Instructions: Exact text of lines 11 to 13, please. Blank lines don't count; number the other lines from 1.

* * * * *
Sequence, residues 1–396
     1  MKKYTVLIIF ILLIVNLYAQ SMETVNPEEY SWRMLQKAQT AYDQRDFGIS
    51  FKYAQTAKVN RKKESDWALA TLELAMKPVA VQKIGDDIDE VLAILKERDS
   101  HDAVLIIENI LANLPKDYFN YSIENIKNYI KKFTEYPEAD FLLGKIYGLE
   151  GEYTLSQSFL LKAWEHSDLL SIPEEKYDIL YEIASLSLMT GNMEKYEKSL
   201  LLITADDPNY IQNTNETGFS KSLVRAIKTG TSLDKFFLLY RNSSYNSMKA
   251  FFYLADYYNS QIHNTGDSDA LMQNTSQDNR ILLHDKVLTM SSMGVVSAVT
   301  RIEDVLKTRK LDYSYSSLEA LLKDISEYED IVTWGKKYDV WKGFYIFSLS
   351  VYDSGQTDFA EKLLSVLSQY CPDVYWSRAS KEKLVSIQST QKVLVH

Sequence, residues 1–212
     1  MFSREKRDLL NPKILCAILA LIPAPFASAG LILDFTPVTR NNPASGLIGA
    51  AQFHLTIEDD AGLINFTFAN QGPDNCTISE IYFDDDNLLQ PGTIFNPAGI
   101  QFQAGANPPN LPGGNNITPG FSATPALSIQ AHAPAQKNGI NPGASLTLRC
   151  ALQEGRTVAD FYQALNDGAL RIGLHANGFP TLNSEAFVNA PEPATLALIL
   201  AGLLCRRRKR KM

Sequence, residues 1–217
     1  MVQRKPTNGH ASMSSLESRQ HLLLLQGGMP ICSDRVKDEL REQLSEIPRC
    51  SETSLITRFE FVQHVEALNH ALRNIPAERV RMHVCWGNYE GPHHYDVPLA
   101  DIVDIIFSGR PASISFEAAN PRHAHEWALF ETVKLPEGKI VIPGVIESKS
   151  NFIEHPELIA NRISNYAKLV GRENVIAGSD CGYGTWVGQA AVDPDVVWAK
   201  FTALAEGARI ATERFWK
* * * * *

     1  MFSREKRDLL NPKILCAILA LIPAPFASAG LILDFTPVTR NNPASGLIGA
    51  AQFHLTIEDD AGLINFTFAN QGPDNCTISE IYFDDDNLLQ PGTIFNPAGI
   101  QFQAGANPPN LPGGNNITPG FSATPALSIQ AHAPAQKNGI NPGASLTLRC